The year was 1919. Historically, an important one. It was the dawn of prohibition, a year of scandals and the year Babe Ruth left Boston to play for the New York Yankees. It also happened to be the dawn of the roaring’ twenties, a decade of financial proliferation for America.
It also marked new wars fought around the world and by the world. On the Stateside, an organization of America’s preeminent welders was forming. Partly due to the demand for skilled workers to craft military equipment, and mostly because until 1919, there was little standardization in manufacturing and producing military weapons didn’t have much room for failure.
Since World War I, the American Welding Society has been on the forefront of modern construction. As Ensel Ford took over his father’s motorcar company and other brands began to pop up, the need for safer bridges, passageways and buildings for these companies to work in flourished. No longer was haphazard work acceptable. Welders were now a mandated industry and the American Welding Society would spearhead growth and regulate standards for years to come.
Within a year, the AWS had gone from modest roots in New York to attracting more than 200 members across the nation. Eight new offices were set up throughout the country by 1922 and the society introduced a journal which became the vade mecum for members everywhere.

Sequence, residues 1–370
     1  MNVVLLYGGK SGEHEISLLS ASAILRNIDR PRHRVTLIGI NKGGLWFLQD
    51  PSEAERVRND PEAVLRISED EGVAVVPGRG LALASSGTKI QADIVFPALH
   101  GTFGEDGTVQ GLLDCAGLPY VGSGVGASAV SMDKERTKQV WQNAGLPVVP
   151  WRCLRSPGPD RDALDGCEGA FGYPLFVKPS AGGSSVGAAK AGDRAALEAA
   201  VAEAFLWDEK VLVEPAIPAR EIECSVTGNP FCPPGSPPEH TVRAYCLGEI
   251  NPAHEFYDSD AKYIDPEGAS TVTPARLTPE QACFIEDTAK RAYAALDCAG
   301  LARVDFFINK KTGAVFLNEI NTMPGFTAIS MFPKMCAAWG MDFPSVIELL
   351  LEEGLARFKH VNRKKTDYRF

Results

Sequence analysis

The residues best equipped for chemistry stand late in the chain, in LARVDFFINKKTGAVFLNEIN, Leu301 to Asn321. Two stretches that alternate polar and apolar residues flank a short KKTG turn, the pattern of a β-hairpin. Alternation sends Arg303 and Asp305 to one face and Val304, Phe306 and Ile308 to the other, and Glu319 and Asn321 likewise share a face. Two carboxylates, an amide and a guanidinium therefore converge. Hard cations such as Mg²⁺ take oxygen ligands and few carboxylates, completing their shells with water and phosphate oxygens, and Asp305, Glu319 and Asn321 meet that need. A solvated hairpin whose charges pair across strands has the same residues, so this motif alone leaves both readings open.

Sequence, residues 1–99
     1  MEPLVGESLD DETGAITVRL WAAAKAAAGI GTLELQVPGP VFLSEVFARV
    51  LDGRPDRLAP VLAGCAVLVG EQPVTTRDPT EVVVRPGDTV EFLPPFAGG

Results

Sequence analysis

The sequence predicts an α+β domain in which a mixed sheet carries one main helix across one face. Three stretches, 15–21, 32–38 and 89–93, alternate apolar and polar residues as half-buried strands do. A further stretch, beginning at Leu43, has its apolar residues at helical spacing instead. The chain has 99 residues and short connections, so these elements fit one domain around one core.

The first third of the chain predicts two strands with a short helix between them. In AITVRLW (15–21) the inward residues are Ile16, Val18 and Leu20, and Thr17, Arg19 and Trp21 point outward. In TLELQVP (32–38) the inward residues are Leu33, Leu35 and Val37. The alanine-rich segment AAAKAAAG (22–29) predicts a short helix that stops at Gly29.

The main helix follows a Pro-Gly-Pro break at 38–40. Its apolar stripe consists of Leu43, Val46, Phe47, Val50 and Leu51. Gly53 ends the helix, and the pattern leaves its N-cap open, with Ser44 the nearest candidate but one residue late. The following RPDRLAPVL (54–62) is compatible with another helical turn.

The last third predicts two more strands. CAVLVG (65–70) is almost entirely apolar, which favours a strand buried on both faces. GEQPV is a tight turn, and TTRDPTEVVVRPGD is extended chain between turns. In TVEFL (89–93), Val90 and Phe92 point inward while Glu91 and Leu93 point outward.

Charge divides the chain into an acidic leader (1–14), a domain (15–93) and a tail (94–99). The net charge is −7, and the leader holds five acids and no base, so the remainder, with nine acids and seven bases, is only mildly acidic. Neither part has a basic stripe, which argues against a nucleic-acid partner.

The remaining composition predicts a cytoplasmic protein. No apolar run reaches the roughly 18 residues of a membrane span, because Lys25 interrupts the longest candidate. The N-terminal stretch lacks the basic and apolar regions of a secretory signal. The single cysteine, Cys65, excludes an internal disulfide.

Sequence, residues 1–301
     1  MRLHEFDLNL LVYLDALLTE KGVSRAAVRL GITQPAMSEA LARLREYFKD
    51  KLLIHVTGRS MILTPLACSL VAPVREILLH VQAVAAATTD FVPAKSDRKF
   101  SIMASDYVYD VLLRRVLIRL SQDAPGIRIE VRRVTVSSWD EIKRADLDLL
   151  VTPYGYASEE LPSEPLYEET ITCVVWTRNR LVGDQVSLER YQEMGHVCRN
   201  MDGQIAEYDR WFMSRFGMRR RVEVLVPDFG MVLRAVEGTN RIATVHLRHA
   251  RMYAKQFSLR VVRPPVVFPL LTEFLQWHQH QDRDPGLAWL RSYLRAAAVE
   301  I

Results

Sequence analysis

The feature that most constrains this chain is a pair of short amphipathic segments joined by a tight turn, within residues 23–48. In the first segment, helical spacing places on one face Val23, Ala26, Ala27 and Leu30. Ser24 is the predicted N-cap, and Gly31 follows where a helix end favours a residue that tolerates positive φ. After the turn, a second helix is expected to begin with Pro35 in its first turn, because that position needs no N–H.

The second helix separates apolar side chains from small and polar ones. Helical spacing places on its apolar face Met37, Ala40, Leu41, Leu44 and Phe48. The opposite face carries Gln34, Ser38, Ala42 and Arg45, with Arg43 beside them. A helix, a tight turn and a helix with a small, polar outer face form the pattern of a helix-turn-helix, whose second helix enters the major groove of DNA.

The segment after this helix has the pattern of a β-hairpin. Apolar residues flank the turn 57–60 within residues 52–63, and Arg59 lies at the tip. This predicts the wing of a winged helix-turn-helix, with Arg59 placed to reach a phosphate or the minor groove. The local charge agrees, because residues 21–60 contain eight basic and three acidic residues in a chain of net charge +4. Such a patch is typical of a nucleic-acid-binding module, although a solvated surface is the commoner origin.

As the membership continued to grow, the society moved its head offices to Florida and instituted a curriculum of training that led to the formation of numerous industry-leading certifications. These certifications were immediately considered the pinnacle of education and training for the welding industry and those skilled enough to achieve them would soon find their credentials were recognized around the world. With this success, the AWS began opening test facilities and accrediting ones that met their strict criteria. They offered endorsement certifications in multiple disciplines and continued to create a reputation as the leading society of welders anywhere in the world.
To find out more about the American Welding Society, visit their website at www.aws.org or contact our office to learn more about their programs.
until next week,